Hurricane center watches system, moving toward warm waters, that may become tropical depression

Joe Mario Pedersen, Orlando Sentinel on

Published in Weather News

An Atlantic disturbance was hanging in there Friday morning retaining its potential of becoming the next tropical depression as it moves through an area ripe for for development, according to the National Hurricane Center.

The non-tropical low pressure system is a few hundred miles south-southwest of Cape Race, Newfoundland, the NHC said in its 2 a.m. update. The low can’t shake off a cold front, which is preventing the low from becoming tropical . Although meteorologists are expecting the low to move north-northeastward over warmer waters this weekend in the central Atlantic where it could acquire some limit sub-tropical characteristics.

Models forecast a 20% chance of the system becoming a tropical depression in the next two days, and 30% chance by the end of the week, but moving eastward or southeastward over the central Atlantic. The system will not impact Florida.

If the storm develops maximum sustained winds of 40 mph or more, it will become a tropical or subtropical storm, receiving the name Wanda — it is also the last name on the World Meteorological Organization’s regular-season list. If there is another named storm after Wanda, the WMO will activate its auxiliary list, starting with Adria. The WMO retired from using Greek letters earlier this year because of confusion caused by similar-sounding letters: Zeta, Eta, and Theta.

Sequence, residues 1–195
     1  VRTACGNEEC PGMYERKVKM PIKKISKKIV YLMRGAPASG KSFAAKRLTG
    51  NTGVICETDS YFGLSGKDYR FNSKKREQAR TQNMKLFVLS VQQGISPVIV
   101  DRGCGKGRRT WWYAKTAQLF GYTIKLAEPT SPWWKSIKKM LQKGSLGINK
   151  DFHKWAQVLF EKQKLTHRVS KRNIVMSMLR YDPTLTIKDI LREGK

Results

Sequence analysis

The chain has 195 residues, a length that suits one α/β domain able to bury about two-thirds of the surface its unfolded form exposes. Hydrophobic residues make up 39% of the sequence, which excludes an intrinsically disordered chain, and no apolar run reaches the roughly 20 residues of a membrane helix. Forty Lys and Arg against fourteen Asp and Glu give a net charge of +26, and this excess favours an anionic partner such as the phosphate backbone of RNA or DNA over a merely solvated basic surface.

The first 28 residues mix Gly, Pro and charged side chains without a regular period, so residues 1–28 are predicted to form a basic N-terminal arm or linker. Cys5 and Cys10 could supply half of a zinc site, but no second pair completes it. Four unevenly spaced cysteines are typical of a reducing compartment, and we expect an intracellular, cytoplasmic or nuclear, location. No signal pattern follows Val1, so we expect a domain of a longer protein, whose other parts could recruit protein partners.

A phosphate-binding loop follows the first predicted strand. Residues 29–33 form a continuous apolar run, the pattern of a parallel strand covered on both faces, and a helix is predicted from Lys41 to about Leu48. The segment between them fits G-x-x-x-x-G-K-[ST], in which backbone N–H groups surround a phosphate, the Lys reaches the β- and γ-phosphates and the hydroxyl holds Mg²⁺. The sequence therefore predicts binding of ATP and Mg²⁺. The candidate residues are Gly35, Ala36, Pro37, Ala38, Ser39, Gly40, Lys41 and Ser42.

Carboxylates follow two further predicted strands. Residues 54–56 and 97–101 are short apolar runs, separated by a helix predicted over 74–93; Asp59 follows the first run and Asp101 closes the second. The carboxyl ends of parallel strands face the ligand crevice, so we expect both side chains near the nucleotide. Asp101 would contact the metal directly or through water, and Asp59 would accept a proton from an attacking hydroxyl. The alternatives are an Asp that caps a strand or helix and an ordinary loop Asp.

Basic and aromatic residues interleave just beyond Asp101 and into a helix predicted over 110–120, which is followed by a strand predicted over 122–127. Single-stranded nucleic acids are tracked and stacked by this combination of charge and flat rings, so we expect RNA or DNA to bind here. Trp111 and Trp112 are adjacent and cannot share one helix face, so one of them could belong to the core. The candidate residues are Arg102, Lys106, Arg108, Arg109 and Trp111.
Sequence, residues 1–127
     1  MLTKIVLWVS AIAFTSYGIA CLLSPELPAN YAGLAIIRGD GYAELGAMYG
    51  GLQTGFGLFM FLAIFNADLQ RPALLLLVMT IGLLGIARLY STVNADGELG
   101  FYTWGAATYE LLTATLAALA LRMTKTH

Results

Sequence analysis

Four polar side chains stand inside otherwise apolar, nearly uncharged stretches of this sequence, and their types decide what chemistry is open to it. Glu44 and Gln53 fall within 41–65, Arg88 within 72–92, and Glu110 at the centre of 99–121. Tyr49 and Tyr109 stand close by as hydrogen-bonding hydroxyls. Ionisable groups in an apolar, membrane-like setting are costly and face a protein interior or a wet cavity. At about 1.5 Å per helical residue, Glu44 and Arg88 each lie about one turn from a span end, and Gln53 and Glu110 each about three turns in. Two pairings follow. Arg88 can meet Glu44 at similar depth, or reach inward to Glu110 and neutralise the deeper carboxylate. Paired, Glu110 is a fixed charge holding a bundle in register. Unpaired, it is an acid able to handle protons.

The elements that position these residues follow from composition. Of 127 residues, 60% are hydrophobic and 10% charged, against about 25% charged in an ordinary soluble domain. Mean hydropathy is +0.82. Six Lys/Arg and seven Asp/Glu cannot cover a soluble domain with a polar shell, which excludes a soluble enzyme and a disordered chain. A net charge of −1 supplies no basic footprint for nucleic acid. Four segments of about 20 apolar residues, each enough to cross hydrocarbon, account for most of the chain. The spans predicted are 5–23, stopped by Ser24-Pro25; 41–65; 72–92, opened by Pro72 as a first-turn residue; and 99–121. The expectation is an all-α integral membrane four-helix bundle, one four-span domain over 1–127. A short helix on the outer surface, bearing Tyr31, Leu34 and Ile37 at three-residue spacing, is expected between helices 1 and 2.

The Atlantic has been quiet for the last two weeks since Hurricane Sam’s long trek through the Atlantic and became a post-tropical storm on Oct. 5.


There have been 20 named storms this year.

Not a single major hurricane has formed since Sept. 25 with the formation of Hurricane Sam. There’s only been one other time in tropics history, 1977, where a major hurricane, a storm of Category 3 strength or higher, has not been formed between Sept. 26 to Oct. 28 — which is part of the tail-end of the peak of hurricane season, according to Philip Klotzbach, a meteorologist with Colorado State University.

At this same point last year, meteorologists were keeping track of 27 named storms with Epsilon and Zeta spinning in the Atlantic and Gulf of Mexico. The latter struck Louisiana on Oct. 28 as a Category 3 major hurricane causing $1.25 billion in damages, according to the National Oceanic and Atmospheric Administration.


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